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August Burns Red Week: Day 1


07/13/2009
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(antiMusic) August Burns Red's new album, Constellations hits stores this week. To celebrate the release we asked JB Brubaker and Matt Greiner to pick some of their favorite tracks from the album and tell us the stories behind the songs. They more than came through! Here is today's song "Thirty and Seven":

JB Brubaker "Thirty and Seven" was the second song I wrote for the record. I kind of had a feeling it might be the opening track for the record based on how hard it hits right off the bat, and the fact that it is simply a nice segue between our previous record "Messengers" and our new record "Constellations." It has the heavy off time break down stuff, a bunch of fast thrashy parts, and some big melodic parts, all of which I think people expect from us.

This song didn't go through too many changes when we brought it together as a band. We added the little ring out double bass part after the first breakdown in practice. That was Matt's idea and I think it works nicely to transition into the darker middle section of the song.

Matt Greiner The lyrical content of this song is inspired by the story told in 1 Samuel 11 where David sleeps with Bathsheba, the wife of Uriah. David, in a desperate attempt to cover up his sin, wrote the leader of the army a letter stating, "Set Uriah in the forefront of the hottest battle, and retreat from him, that he may be struck down and die." Uriah was killed in battle and David married Bathsheba and continued on with his life, but he would later reap the wrongdoing he had sowed. God struck the child that Uriah's wife gave birth to, and it became ill and died.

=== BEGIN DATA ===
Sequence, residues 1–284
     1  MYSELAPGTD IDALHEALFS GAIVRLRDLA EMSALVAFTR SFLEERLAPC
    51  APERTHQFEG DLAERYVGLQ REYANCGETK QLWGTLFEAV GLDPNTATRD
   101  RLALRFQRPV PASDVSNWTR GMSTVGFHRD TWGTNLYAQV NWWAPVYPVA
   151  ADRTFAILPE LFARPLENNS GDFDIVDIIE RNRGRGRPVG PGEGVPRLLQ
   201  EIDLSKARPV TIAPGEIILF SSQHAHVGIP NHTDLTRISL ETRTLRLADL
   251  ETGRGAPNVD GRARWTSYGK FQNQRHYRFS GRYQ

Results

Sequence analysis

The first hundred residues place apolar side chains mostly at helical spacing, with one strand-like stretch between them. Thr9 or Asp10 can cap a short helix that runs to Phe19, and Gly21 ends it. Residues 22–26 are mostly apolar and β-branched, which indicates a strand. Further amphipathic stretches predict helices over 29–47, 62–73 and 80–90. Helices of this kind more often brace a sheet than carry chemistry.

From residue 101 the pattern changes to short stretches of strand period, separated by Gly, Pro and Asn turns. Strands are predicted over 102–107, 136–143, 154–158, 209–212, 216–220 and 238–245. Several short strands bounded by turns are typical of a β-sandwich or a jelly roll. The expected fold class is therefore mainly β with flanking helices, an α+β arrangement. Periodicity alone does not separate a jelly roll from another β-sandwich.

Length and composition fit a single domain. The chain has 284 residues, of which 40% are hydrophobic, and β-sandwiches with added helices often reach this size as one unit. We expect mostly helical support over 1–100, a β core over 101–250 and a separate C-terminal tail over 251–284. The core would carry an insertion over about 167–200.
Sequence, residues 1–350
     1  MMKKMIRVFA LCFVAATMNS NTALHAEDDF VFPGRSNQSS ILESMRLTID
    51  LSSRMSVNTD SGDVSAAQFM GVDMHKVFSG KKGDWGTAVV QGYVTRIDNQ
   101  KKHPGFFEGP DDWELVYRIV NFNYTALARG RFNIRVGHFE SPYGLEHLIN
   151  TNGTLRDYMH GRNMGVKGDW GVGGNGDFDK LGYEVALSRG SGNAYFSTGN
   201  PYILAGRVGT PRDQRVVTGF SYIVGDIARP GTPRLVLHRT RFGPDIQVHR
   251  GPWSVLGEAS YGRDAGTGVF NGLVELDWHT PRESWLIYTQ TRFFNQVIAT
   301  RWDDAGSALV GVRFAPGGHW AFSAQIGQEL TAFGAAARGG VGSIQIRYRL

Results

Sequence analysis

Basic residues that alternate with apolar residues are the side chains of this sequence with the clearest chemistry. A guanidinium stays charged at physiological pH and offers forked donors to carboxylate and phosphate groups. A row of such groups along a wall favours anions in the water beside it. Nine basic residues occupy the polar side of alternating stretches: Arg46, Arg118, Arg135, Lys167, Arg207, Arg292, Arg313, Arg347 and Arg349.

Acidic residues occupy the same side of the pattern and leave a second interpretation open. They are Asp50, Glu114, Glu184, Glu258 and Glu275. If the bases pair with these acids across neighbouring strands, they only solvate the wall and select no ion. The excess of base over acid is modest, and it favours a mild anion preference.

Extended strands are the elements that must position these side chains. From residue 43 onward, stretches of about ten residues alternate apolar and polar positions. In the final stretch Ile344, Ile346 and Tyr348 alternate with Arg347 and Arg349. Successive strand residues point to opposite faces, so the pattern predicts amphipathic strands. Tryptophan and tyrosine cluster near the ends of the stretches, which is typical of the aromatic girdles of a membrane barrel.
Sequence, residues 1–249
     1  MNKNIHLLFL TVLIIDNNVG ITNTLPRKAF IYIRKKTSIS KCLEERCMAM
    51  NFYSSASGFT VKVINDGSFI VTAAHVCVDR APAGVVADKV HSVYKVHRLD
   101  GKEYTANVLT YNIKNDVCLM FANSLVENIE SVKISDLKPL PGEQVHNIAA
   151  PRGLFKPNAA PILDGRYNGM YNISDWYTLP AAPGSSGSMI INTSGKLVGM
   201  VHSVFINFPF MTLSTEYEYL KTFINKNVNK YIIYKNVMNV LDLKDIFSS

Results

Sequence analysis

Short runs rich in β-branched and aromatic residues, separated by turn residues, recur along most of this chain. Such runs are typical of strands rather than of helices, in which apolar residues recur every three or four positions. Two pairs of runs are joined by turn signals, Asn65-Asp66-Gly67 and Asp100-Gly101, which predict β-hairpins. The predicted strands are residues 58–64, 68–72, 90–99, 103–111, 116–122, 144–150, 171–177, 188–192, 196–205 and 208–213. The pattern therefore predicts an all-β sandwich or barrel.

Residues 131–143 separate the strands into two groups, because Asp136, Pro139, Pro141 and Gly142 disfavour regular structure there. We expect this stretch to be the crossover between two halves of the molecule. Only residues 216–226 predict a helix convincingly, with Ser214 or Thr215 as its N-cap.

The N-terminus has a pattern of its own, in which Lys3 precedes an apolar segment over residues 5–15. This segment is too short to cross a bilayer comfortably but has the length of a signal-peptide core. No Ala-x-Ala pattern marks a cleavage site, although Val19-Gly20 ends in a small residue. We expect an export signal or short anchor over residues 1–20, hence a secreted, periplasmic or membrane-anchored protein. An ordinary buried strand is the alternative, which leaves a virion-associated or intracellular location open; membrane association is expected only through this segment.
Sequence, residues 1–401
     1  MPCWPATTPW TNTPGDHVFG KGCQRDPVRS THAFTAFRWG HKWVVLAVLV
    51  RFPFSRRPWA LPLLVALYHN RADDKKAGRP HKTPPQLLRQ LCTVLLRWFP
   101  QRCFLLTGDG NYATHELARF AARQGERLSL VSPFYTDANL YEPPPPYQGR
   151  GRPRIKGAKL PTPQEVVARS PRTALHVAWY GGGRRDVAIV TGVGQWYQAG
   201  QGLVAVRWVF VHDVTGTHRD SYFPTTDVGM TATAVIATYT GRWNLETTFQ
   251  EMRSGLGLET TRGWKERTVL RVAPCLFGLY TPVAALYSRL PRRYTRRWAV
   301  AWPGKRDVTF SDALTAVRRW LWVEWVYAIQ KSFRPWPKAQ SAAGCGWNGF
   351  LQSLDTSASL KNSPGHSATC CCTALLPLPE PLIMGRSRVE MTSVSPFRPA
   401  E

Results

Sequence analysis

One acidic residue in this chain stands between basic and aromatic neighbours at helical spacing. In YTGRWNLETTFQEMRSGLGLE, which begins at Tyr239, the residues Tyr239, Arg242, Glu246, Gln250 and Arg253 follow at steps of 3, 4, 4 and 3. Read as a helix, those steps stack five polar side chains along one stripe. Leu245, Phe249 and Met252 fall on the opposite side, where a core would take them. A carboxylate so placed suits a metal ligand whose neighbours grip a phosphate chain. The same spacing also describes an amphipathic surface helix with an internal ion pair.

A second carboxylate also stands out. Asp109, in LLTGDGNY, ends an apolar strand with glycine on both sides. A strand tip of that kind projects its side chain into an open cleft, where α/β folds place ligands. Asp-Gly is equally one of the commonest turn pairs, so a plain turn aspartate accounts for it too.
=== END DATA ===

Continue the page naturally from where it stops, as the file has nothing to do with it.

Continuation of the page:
The song refers to people who cover one sin up with another until they've created a disaster they can't remedy on their own. The lyrics ask the reader to question their dependency on others to get through tough times. The last line in the song offers encouragement in finding freedom from your shame; "You've reached the summit, now transcend the skies."

I wanted to make the first half of the last riff in the song really fast and chaotic while Jake screamed, "What will become of you," over and over again. At the end of the part we pause momentarily before going halftime into the same riff. I think the lyrics are conveyed well through the chaotic music, transitioning into the huge and open 2nd half.

Learn more about the band, preview tracks from the album and more - right here!



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